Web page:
I would not leave Sicily without stepping on Etna Volcano ground… Its like taking yourself into some other planet!!! :))
Located on the Italian island of Sicily, Mount Etna is one of the most famous volcanoes in the world due to the fact that it frequently erupts and has a large number of eruption styles.
The bleak lava wilderness around the summit of Etna is one of the most memorable landscapes Italy has to offer. The volcano’s height is constantly shifting, depending on whether eruptions are constructive or destructive, and over the last century it has ranged from 3263m to the present estimate of 3340m. Whatever its exact height, Etna is a substantial mountain, one of the world’s biggest active volcanoes, and on a clear day it can be seen from well over half of Sicily. Some of its eruptions have been disastrous: in 1169, 1329 and 1381 the lava reached the sea and in 1669 Catania was wrecked and its castle surrounded by molten rock.
The Circumetnea railway line has been repeatedly ruptured by lava flows: nine people were killed on the edge of the main crater in 1979 and in 2001 military helicopters were called in to water-bomb blazing fires. This unpredictability means that it is no longer possible to get close to the main crater. An eruption in 1971 destroyed the observatory supposed to give warning of just such an event, and the volcano has been in an almost continual state of eruption since 1998, the most recent being in late 2002 when the resort of Piano Provenzana on the northern side was engulfed with lava.
There are several approaches to the volcano. If you have a car, you can enjoy some of the best scenery on the north side of the volcano. On public transport, you’ll just see Etna from the southern side, though this does at least get you pretty near the summit. There are also many Etna tours :))
However you go, at whatever time of year, take warm clothes, good shoes or boots and glasses to keep the flying grit out of your eyes
Taormina, charming hillside town on the east coast of Sicily, most popular tourist destination. Besides the ancient Greek theatre, it has many old churches, lively bars, fine restaurants, and antique shops. There are many exhibitions and events organized during the summer in Taormina. Just south of Taormina is the Isola Bella, a nature reserve; and further south, situated beside a bay, is the popular seaside resort of Giardini Naxos, where Gianni House is based. :-))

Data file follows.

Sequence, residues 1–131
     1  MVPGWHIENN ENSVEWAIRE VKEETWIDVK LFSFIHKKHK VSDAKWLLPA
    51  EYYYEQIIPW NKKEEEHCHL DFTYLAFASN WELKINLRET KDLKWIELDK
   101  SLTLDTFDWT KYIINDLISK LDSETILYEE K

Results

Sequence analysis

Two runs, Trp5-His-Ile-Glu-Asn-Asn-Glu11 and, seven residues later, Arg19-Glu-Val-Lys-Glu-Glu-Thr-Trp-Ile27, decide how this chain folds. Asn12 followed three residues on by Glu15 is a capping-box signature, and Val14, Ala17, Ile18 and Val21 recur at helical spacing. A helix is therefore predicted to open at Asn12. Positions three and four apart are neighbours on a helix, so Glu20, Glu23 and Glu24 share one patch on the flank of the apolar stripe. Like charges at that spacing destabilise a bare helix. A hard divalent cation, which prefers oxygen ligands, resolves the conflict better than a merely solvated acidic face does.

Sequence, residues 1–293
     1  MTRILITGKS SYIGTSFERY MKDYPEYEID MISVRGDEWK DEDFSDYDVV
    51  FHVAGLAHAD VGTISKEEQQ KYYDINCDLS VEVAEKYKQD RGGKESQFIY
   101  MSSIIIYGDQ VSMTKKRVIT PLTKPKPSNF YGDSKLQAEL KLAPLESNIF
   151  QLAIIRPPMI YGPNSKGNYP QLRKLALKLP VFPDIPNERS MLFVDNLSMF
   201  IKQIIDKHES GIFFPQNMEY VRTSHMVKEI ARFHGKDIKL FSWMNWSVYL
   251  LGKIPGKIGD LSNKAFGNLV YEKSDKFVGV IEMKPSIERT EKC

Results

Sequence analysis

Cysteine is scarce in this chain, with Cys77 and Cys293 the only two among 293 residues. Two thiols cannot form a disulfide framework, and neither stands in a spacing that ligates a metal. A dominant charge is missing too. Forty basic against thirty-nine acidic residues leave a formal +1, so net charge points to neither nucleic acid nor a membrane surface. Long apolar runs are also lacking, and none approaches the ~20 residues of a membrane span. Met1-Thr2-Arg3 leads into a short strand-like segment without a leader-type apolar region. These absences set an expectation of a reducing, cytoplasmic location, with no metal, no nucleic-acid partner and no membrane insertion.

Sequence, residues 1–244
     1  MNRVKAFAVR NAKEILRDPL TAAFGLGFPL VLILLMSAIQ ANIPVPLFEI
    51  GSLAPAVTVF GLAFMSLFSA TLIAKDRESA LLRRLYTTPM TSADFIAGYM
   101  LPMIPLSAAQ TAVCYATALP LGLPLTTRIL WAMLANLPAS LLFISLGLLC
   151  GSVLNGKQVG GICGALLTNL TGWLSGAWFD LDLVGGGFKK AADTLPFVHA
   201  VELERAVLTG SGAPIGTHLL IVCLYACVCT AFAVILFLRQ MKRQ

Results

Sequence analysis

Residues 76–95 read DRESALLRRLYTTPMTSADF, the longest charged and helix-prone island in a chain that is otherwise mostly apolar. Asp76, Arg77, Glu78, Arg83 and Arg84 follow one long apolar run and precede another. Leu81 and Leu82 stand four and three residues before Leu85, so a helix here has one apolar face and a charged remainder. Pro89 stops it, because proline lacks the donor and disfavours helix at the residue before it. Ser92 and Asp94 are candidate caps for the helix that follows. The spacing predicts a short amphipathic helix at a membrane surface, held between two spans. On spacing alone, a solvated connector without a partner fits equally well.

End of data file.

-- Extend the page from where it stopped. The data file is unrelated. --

More about beautiful Giardini Naxos in one of my next posts ! That’s a promise :))
Enna is a wonderful town to just wander around, soak up the atmosphere and take in the breath taking views. Here you will find Sicily untouched by time and mass tourism.
What’s worth to see?
-attractive streets of the old town, especially Via Roma,
-Duomo [The Cathedral],
-‘Castello di Lombardia’ [entrance & guide free]. Reach the top of Pisana Tower inside the Castel for over the town panoramic view over most of central Sicily,
-Rocca di Cerere located not far from the Castel is a great view point too,
-some museums to visit, like Alessi Museum and archaeological museum,
-Torre di Federico – an interesting 24 meters octagonal tower.
It’s easy to reach Enna by car, bus or train. Ask staff at Gianni House for more info. We are always here happy to help you 🙂
Have you seen The Godfather movies yet? Many scenes throughout the epic trilogy were filmed in the Sicilian villages of Savoca and Forzà d’Agrò, that you can visit by booking an organised tour at reception or using public transport for the more intrepid.
I [staff member of Gianni House :))] travelled to Savoca recently, to taste delicious Granita Limone at Bar Vitelli, where some of the most memorable scenes from “The Godfather” were shot [*Michael Corleone asked Apollonia’s father to meet his daughter*]. It’s a must for Godfather fans!
Savoca village with it’s tiny streets is a pleasant place to hang out for the day and we highly recommend a visit to The Cappuccini Monastery which has an impressive collection of 32 ancient mummified monks, priests and advocates – some intact some not – in their catacombs, which date back to the 18th century.
Situated at the foot of the magificent Mt Etna are a collection of small villages and towns which each have a unique feel – you can explore these either by car or on the cute little train that slowly makes it was around the base of the mountain – the Circumetnea train stops at two of the most impressive towns, which are Bronte (where Sicily’s famous pistachios are cultivated) and our favourite, Randazzo. The town is famed for the construction of most of its monuments from the dark volcanic lava-rock which is a feature of the landscape due to the eruptions of Etna. It is the town nearest the actual crater. If you are travelling by car you can easily combine Randazzo with a visit to the beautiful Alcantara Gorge. Ask us at reception for more information.
The link to this summer’s train timetable is
Here in Palermo I encounter local women of all ages who seem to consider themselves somewhat “worldly” because they’ve spent money on what look like overpriced clothes and have taken a group tour to someplace like Egypt or Thailand. Let’s not dwell on the fact that few can manage a complete sentence, let alone a conversation, in English. Right now, the number of women wearing fur coats in a city where it hardly ever snows is astounding.
Back in December 1994, when I first met Princess Urraca de Bourbon of the Two Sicilies, who in childhood had actually known Queen Maria Sophia (the queen, a sister of Empress Elizabeth ‘Sissi’ of Austria, died when Urraca was 12), I was struck by her simplicity. During the day, instead of fur she wore a simple goose down coat. There was no need to “impress” anybody with false attempts at sophistication. She was the real thing.